Nearly half of institutional investors, 46%, are willing to invest in young and/or small hedge funds and 15% would consider such an investment, according to a survey by database manager Preqin Hedge. If the new hedge fund had come from a well-established firm, the percentage of those who would invest rose to 55% and those who would consider doing so increased to 12%. Only 8% of survey respondents said they would seed a new hedge fund, but 12% said they would consider it.
Endowment officials are the most inclined to invest with emerging hedge fund managers, according to the survey; 64% of them would invest in an emerging hedge fund, followed by 60% of public pension plan officials, 50% of family offices and 30% of insurers. By contrast, only 14% of corporate pension plan officials said they would invest in an emerging hedge fund.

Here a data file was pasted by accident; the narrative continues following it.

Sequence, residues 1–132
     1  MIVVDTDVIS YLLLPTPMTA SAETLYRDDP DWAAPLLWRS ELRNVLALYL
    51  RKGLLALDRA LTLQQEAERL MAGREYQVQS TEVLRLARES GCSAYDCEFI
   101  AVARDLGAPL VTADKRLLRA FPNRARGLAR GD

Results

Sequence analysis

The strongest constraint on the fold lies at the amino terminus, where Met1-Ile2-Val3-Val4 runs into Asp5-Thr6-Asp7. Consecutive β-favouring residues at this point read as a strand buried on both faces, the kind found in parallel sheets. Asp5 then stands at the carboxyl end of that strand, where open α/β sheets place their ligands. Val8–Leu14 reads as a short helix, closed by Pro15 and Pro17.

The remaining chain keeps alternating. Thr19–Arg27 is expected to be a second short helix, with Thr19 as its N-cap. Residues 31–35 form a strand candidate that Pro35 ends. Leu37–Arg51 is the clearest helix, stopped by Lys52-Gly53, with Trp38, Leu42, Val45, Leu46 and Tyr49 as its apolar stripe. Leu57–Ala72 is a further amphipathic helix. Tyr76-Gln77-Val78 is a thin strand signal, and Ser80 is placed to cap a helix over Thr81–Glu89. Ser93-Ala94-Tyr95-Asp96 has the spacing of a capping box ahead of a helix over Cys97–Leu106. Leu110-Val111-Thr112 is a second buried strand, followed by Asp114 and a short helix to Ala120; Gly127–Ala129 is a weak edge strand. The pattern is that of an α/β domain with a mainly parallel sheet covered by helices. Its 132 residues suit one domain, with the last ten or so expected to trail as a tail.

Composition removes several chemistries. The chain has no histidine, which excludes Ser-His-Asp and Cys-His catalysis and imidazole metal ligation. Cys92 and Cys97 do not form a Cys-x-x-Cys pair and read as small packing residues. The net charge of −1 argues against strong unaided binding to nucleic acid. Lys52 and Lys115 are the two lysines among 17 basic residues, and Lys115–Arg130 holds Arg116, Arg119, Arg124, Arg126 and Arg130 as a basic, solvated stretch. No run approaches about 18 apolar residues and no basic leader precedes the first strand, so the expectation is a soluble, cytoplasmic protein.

Preqin Hedge analysts found that the length of hedge fund track records was important to the institutional investors surveyed, with 34% requiring a minimum track record of between one and two years, 33% requiring between three and four years and 24% insisting on at least five years of experience. The size of hedge funds also mattered to respondents: 33% required assets of at least $500 million and 11% required at least $1 billion under management before they would invest.
The survey of 50 institutional investors was conducted earlier this month.